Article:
Our theme for the month of June is “Sex and the Church.”
The following is an actual quote from a religious leader in October 2016 after Donald Trump said he likes to grab women by the pussy:
“Naturally I’m disappointed, but, you know, the Bible tells me that we are all sinners saved by grace and I don’t think there’s probably a person alive that I know of that hasn’t made some mistakes in the past.”
Ladies and gentlemen, our moral authorities have spoken!
Our writers have talked in this space before about the smugness of Christians, looking down disdainfully from their morality-girded high horse on the unwashed masses. Nowhere was this manifested more clearly than in sexuality. TV shows were forbidden because they didn’t show “Christian virtues.” Premarital sex was maybe the most egregious sin a person could commit, behind adultery.
There was a time when I drank this particular Kool-Aid—when I actually bought into the notion that Christians were somehow better, more upright, more righteous. Why wouldn’t I? It’s all I’d been taught, implicitly or explicitly, my entire life.
I’m happy to say I no longer suffer from this delusion, and haven’t for many years. It was a slow process which accelerated as soon as I left the West Michigan bubble, and was further expedited by the fact that the Church (by which I mean white Evangelicals) has hitched its wagon to the Republican Party. The Republican Party was bad before Donald Trump and will be bad after him. But even with my new, more liberated perspective, I admit to being amazed at the level of support and contortions the Church has gone through for Donald Trump, an admitted adulterer and sexual predator with more pending harassment lawsuits than lifetime church services attended.
And by no means should the Church get all the credit. The god-fearing representatives of the Republican Party have held up their end of the (Faustian) bargain as well. Since a few dared to criticize Trump for his “vulgar” comments in the Access Hollywood Tape, they have been in lockstep with their fearless leader. His policies are now their policies, his views their views. One can imagine the sorts of conversations this leads to at home:
PAUL RYAN, devout Catholic and doting father, enters his son’s room.
PAUL: Sam, it’s time to talk about the birds and the bees. Now, you’re probably feeling strange things happening in your body, and that’s okay. You’re probably getting some funny feelings about girls, and that’s okay too.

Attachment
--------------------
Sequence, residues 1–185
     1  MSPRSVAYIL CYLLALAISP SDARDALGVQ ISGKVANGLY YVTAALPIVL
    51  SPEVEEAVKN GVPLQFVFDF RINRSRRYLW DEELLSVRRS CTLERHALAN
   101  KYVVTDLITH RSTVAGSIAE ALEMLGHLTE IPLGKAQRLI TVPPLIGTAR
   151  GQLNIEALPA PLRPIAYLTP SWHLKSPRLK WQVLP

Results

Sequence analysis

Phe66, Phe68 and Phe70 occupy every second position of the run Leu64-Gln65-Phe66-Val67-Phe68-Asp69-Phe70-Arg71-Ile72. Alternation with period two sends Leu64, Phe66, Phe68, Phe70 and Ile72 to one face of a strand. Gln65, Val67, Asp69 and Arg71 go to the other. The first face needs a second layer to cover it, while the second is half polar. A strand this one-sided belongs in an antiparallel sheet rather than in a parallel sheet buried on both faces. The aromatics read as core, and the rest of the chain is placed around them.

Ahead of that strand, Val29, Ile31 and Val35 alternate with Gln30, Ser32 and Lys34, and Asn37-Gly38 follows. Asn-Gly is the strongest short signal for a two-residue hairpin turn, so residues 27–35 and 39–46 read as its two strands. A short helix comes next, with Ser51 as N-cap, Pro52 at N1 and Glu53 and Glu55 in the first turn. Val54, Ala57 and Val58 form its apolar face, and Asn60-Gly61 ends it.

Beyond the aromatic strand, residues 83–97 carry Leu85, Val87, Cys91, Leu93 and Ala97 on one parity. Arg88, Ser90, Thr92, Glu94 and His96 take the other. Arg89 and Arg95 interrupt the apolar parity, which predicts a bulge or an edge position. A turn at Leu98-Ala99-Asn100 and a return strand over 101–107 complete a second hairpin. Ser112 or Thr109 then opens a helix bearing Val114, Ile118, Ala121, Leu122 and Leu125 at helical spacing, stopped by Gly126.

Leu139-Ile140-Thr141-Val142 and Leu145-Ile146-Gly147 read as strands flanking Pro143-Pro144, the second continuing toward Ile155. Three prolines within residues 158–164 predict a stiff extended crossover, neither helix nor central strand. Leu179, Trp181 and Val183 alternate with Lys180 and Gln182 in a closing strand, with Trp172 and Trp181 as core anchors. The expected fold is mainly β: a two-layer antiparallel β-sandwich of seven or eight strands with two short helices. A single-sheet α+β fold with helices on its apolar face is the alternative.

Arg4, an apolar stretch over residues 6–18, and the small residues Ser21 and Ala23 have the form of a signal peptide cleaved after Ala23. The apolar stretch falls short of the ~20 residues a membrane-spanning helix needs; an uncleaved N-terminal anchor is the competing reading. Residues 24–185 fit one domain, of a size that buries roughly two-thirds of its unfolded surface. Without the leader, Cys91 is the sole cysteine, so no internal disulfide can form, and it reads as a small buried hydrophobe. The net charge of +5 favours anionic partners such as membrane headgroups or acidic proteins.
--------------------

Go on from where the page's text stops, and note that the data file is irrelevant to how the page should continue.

SAM: Actually Dad, I’ve been thinking about Derrick a lot latel—
PAUL: Hush, Sam, hush. Speakest not these foul thoughts aloud, lest ye spend eternity in a pit of hellfire.
But anyway, the important thing to remember about these feelings is that they’re perfectly natural, but remember to obey the scriptures. As our bible says in Access Hollywood 1:15 of the King Donald Version, make sure to use Tic-Tacs when around women, in case you just starting kissing them. And remember, if you’re a star, you don’t have to take no for an answer. They’ll let you do it. They let you do anything.
SAM: Whatever you want?
PAUL: Whatever you want.
Me personally—I don’t much care about the Church’s position on sex. Christianity has long since forfeited the right to tell anyone how to live their lives. But for the sake of future generations, let me offer this advice to future Church leaders: when adopting stances towards public figures, be consistent, or be honest. Either hew to the standards which you profess to believe, or inform your followers that you hold public figures to a different standard. That way, when the next Roy Moore comes along, you can at least be up front about the fact that pedophilia doesn’t matter if he has an R next to his name.
After working in Washington, D.C., for two years, Andrew Orlebeke (’10) is in graduate school in Seattle, Washington, studying public policy. In addition to public service, he has a passion for traveling and an abiding love of sports.